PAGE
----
There was a time way back, when all I heard about was how great Driver was. Friends, magazines and adverts all conspired to show me that I needed to buy this game. So I did. Whilst I wouldn’t say I was disappointed, the game was too damn hard. I was younger back then, and lacked the grit and sheer determination required to fully enjoy the experience. I never even bothered with later games, hearing that they offered little more than failed ambition. Now we have Driver: San Francisco, a game that attempts to bring the series back to its roots. I’ll not hold you in suspense for too long; D:SF does this well, creating a fun and easily accessible cinematic driving experience that sets a really good level of challenge. It’s a well crafted game, but it might not be to everyone’s tastes. Read on for the full low down.
The plot isn’t really why anyone will be buying this game, but I ought to summarise it if only for completions’ sake. We have good old John Tanner returning from previous games in his attempt to put the evil criminal mastermind Jericho behind bars. Having finally succeeded in this endeavour, Tanner is monitoring Jericho only to see him break out of prison. While chasing him down Tanner winds up in a car crash that results in a near death experience. Upon awakening, Tanner finds he has a mysterious power that allows him to inhabit and control the bodies of other people. In comparison to the grittier and more urban stylings of previous Driver titles, this plot is nothing short of a bizarre and unwelcome delve into the supernatural, and it sadly fails to ever amount to any more than this. Yet, if you focus on the story too much you’ll miss the point and focus of D:SF.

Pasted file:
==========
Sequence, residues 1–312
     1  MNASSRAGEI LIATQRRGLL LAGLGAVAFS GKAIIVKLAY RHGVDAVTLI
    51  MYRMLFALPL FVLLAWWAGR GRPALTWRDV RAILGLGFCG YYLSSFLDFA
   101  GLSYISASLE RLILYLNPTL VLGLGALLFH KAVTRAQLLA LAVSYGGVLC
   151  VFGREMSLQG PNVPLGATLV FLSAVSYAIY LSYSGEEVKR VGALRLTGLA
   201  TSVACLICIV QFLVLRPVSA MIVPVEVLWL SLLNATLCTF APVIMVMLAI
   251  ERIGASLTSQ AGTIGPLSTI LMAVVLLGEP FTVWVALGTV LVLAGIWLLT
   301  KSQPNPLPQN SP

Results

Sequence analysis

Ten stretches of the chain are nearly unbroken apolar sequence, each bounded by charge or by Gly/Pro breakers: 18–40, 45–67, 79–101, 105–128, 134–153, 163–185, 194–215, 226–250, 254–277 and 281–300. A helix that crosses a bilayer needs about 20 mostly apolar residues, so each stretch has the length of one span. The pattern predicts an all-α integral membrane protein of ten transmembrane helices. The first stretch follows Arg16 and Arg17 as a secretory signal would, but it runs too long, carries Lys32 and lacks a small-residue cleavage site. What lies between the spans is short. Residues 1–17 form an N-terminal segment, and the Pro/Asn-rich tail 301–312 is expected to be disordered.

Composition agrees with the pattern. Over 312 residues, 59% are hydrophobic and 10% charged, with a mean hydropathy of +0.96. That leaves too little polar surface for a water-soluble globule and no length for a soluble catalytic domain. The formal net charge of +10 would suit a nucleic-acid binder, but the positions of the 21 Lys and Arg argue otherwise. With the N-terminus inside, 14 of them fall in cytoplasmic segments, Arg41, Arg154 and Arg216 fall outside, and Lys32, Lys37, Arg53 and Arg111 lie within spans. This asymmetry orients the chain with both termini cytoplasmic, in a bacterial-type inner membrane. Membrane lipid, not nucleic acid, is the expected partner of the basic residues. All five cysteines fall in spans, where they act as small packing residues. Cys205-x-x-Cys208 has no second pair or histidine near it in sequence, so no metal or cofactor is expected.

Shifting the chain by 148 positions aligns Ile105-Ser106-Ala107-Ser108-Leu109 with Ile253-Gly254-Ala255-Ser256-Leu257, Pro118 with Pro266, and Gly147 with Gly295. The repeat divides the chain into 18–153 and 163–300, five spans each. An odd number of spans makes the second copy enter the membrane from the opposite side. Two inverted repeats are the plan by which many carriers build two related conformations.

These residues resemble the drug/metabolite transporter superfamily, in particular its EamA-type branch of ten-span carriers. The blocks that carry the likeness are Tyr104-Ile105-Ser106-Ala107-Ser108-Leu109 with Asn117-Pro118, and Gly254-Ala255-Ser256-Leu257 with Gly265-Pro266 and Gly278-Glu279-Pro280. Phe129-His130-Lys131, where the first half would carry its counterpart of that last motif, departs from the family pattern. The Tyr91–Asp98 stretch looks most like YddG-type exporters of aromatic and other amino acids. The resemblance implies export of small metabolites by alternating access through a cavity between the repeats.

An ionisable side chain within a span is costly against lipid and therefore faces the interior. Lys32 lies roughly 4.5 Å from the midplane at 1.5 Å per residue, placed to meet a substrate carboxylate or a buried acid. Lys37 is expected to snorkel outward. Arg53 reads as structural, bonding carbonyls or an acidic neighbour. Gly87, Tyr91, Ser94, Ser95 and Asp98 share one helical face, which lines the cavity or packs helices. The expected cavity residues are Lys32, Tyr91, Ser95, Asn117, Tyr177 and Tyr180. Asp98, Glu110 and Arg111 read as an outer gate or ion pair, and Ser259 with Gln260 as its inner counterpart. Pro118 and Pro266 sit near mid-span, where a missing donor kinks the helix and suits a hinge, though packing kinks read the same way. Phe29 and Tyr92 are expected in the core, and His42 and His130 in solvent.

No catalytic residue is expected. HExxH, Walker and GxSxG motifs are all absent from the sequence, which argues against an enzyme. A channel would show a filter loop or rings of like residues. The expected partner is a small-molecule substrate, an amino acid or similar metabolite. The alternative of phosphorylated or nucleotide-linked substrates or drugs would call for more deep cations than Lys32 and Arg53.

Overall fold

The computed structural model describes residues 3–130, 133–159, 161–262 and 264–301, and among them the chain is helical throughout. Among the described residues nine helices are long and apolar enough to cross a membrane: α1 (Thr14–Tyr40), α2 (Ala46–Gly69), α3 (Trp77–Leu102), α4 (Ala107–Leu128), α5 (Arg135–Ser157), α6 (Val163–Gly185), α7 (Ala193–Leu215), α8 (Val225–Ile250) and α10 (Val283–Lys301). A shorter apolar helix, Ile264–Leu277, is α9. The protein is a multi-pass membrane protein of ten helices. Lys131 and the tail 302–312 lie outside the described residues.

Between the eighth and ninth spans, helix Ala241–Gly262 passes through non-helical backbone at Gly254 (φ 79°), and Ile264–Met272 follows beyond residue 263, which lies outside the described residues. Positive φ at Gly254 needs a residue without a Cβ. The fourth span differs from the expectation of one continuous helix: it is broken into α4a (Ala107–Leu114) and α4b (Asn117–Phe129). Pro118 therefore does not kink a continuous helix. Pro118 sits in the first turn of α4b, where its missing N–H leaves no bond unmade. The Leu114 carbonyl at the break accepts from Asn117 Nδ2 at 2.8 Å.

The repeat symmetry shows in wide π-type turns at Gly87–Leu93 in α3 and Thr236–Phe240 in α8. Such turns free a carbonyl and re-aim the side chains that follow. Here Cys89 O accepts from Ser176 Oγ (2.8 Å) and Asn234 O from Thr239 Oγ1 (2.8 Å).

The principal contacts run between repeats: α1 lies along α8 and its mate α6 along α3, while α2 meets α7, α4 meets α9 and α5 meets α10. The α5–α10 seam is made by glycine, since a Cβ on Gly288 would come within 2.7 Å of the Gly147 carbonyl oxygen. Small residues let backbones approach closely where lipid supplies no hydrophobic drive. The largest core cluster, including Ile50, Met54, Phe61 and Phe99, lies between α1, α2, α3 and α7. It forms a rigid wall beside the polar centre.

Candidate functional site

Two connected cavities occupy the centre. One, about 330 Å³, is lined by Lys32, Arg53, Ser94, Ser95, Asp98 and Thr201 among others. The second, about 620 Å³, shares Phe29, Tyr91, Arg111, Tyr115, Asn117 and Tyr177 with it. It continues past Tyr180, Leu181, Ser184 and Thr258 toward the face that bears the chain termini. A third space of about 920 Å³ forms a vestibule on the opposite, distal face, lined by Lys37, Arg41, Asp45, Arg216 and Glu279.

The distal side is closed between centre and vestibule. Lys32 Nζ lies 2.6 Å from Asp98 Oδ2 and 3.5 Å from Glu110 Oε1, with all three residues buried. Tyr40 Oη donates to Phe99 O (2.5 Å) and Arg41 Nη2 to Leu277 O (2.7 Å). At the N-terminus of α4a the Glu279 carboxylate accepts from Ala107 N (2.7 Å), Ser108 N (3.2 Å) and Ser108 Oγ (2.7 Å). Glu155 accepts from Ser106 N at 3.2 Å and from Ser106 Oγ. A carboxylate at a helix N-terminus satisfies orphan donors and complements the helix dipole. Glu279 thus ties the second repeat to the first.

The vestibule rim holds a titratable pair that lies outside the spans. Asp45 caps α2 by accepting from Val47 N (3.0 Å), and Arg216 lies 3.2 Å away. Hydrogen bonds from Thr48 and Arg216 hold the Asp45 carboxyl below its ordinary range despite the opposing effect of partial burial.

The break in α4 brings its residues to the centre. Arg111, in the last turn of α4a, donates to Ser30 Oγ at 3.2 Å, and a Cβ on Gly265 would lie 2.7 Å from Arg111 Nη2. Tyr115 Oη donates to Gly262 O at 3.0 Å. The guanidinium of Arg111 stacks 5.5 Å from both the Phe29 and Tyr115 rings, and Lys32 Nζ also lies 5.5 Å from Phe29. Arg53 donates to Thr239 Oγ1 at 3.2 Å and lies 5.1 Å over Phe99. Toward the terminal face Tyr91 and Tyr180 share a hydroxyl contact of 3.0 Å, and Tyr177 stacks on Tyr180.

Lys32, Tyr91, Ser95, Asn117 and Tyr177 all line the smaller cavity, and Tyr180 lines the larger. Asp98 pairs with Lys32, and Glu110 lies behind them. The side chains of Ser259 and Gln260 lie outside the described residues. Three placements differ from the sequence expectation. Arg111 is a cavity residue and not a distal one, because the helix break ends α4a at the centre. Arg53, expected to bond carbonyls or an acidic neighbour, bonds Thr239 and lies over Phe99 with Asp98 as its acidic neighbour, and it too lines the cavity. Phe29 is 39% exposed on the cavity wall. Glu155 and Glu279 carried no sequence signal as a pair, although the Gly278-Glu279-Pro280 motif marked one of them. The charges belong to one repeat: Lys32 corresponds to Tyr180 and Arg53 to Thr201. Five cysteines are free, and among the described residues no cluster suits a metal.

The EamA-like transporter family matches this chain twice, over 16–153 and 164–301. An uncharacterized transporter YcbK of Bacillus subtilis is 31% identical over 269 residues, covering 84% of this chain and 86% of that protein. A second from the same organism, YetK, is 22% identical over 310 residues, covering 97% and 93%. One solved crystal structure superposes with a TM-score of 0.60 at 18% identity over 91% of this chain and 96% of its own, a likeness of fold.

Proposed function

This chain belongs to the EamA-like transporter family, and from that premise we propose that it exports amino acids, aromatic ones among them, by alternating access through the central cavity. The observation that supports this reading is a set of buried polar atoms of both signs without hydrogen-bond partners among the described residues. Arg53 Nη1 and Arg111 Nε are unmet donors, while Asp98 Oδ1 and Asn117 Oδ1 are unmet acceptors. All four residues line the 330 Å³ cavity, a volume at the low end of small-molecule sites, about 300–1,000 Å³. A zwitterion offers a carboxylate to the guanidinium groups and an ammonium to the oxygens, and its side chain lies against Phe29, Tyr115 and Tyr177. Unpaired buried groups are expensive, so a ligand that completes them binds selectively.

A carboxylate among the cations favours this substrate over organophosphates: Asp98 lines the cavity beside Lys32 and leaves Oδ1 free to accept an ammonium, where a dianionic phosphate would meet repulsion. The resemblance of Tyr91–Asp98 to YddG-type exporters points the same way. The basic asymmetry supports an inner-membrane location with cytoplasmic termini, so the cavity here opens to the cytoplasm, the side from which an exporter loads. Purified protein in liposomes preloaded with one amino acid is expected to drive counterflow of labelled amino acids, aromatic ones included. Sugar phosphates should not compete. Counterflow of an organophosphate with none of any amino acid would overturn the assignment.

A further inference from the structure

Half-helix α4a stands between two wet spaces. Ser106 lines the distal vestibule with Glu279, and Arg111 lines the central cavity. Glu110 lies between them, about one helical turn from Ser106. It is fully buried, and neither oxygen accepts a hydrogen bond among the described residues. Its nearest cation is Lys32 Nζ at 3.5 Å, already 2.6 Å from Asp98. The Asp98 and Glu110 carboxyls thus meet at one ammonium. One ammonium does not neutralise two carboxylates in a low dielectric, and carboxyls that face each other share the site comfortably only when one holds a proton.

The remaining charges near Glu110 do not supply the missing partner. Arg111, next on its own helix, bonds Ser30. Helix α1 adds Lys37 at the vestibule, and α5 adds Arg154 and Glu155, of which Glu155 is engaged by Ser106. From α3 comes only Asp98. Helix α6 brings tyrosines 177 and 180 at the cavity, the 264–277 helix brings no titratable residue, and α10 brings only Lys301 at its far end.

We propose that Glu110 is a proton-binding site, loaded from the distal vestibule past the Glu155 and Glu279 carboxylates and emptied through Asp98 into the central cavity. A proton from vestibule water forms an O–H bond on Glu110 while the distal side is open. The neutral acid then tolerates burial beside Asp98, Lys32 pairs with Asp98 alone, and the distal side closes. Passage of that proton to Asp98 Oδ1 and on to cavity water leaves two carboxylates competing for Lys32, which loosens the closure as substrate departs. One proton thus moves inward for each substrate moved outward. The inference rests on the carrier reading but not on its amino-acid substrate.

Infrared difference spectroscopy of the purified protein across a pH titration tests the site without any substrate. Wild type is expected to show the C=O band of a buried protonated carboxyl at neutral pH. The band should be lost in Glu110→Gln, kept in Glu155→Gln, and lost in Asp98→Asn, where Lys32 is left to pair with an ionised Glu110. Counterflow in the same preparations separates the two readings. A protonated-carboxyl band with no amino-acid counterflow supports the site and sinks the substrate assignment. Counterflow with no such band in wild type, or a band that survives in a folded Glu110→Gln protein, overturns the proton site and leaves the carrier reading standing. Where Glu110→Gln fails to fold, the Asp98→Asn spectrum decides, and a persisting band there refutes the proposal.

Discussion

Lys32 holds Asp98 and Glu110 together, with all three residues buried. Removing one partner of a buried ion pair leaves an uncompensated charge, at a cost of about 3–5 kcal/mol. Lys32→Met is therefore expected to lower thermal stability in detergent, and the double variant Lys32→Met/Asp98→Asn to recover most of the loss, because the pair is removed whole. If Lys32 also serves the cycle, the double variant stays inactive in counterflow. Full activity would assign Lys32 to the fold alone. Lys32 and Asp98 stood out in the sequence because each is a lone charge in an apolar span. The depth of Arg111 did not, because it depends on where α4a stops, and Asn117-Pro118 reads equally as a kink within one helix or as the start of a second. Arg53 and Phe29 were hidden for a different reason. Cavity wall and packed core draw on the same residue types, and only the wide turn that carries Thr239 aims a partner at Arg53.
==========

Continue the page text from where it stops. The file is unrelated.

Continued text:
The gameplay is where it’s at in Driver: San Francisco, and it does a good job of remaining simple and enjoyable throughout. As in traditional Driver fashion, you can’t leave your car in San Francisco. That isn’t to say the game doesn’t have non-linear and open world elements though, as you can tackle a variety of sub-missions and challenges as you see fit, or just cruise around the city at your leisure. Challenges, missions and any cool driving feats and stunts earn you points that can be used to buy upgrades and new vehicles. All the vehicles that show up in D:SF are licensed as well, so car nuts are going to feel right at home here. Forcing players to remain behind the wheel returns the game’s focus to driving, which is a good thing considering how tight the driving mechanics feel. They take some getting used to, but it all has a sense of weight and momentum that grants the game a balance between being easy to pick up and difficult to master.
The big new mechanic in the game is shift, that ridiculous element of the story where Tanner effectively possesses people. Whilst it serves as a thematic thorn in the usual sensibilities of the series, it is an accomplished and exciting gameplay mechanic. With a simple tap of the A button your perspective shifts to a birds-eye view where you can scroll around the city map and jump into any other car of your choosing. This opens up a lot of gameplay opportunities, whether it be using shift to quickly jump around the map, simply shifting to get a better view of your surroundings, or using other vehicles to ram and block your racing opponents. It also sets up the game’s side missions, with Tanner using his supposedly impeccable driving skills to help the needy citizens of San Francisco. Though I’m dubious of its inclusion in the story, it bolsters the gameplay with an innovation that prevents Driver: San Francisco from becoming “yet another racing title.”